#Project60 – Beard Exhbiton @ Somerset House Review

In a white room,  in the South Wing of Somerset House sits the portraits of over 80 fetchingly bearded models from all walks of life. It started off as #Project60, a collaboration between acclaimed English photographer Mr. Elbank and Australian philanthropist, Jimmy Niggles, after the death of Niggles’ friend of skin cancer to promote awareness of the preventable disease and share his story.

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This collection, with some portraits exclusive to Somerset House, is stunningly shot to highlight the variety of beards of the internationally shot models. The subjects vary from models, farmers, an actor, a drag queen and even a woman.

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I saw Harnaam Kaur’s (above) portrait twice before realising that she was female, when reading her story this instantly became one of the most memorable portraits of the whole exhibition and was more than deserving of its own wall. In short, she is a young woman who suffers from polycystic Ovary Syndrome which causes excessive hair growth, however she has embraced after becoming Sikh which forbids her from cutting body hair. In a society that is very superficial, she is brave to broadcast this for a selfless cause.

There is an engaging element to the series as the portraits draw you in, each detail is clear to see: the gleam of mischief in Billy Huxley’s eyes, the hint of ginger is a black man’s beard, the youthful whimsy of Elbank’s children placed in a grid of portraits. Elbank experiments with colour richness to makes some features pop against the neutral background and it definitely pays off.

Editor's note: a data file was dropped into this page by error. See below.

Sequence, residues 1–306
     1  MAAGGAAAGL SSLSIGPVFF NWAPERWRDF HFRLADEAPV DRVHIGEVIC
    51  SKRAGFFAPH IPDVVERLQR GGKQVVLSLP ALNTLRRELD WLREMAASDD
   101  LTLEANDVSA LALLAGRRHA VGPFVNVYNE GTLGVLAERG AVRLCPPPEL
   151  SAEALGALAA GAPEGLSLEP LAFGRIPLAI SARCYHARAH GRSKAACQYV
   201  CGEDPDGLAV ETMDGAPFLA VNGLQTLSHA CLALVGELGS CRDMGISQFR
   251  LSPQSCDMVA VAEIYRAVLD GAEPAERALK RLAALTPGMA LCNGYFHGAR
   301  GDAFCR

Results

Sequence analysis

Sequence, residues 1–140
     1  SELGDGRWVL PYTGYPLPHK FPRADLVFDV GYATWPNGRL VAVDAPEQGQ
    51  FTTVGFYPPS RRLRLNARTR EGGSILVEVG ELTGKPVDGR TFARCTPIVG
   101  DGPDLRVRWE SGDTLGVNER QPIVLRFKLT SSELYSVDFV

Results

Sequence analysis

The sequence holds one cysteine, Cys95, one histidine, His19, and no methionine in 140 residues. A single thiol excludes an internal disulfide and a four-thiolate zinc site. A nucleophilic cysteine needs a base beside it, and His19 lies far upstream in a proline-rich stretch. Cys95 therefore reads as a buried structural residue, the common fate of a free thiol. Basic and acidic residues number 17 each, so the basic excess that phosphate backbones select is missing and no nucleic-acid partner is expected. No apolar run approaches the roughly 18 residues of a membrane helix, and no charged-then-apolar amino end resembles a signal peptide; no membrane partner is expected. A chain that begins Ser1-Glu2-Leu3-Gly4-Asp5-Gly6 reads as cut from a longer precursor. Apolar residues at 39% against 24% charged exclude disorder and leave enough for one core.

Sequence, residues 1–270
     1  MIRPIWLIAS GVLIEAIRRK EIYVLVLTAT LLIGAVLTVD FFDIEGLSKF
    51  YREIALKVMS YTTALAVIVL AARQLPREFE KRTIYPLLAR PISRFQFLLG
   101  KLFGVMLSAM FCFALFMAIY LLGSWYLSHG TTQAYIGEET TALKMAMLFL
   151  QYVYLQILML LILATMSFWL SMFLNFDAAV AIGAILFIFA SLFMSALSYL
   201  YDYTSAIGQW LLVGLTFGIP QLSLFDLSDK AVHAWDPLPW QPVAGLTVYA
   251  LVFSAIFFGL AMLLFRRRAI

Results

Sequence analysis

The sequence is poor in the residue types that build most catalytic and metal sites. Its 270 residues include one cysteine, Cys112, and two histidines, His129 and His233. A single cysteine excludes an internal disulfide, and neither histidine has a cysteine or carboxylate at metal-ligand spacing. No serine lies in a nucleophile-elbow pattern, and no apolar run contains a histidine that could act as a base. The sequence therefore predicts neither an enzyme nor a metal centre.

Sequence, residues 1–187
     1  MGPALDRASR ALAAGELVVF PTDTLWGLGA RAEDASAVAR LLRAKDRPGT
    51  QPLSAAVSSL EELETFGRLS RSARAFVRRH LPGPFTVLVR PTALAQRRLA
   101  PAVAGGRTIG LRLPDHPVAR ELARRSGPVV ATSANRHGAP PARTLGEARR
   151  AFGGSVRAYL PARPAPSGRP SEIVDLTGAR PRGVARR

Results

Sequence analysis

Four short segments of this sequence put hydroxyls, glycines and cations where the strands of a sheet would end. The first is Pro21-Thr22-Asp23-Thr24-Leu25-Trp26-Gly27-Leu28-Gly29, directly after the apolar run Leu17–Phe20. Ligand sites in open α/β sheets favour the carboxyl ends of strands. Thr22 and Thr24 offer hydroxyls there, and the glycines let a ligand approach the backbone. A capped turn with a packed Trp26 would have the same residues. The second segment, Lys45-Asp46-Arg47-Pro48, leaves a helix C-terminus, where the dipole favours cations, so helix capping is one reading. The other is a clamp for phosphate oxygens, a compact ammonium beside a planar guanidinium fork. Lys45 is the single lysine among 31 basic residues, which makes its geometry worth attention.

Overall, this is a stunning series about a serious subject that doesn’t take itself too serious. I would say go and see it, but I saw it on it’s last day; it is definitaley worth checking out some of the available portraits on Mr Elbank’s tumblr – mrelbank.tumblr.com

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Women’s History Month: 3 Films to Feed Your Feminism

(Originally written for Latitude Lookout March 2015 issue)

Feminist is a word that is often seen as detrimental and intimidating. It doesn’t have to be, there is a spectrum of feminism like any other movement and entertainment is an avenue that many (men and women) use as a platform to promote equality. Sometimes the political agenda is made clear, sometimes the message is more subtle. To celebrate this month of female role models, here are three suggestions of films with strong female characters and real life personalities (possibly role models}:

The Punk Singer

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Nothing says female empowerment for our generation than the Riot Grrrl movement of the 90s. The Punk Singer is an intimate look at Kathleen Hanna, lead singer of Bikini Kills, Le Tigre and Julie Ruin. The documentary is a time capsule of the political movement through the lens of the 90s punk scene. The Punk Singer and Kathleen Hanna is not for everyone, the movement is in-yer-face, blunt and loud music.

Clueless

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On the complete other end of the spectrum is the seemingly surface deep, high school comedy, Clueless. Written and directed by Amy Heckerling as a loose interpretation of Jane Austen’s Emma, this film holds a strong comedic female cast including Alicia Silverstone and Julie Brown and a sharp script full of historical female shout outs and culture-creating colloquialisms similar to predecessor Heathers (which is also worth watching if you love Mean Girls).

Alien

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One of Ridley Scott’s most popular films, Alien has one thing that many Sci-Fi and action movies of the time didn’t: a strong female lead. Ellen Ripley wasn’t the damsel in distress, nor the sidekick to a burly man. Sigourney Weaver’s portrayal is spellbinding as an intelligent, competent heroine that is able to take control.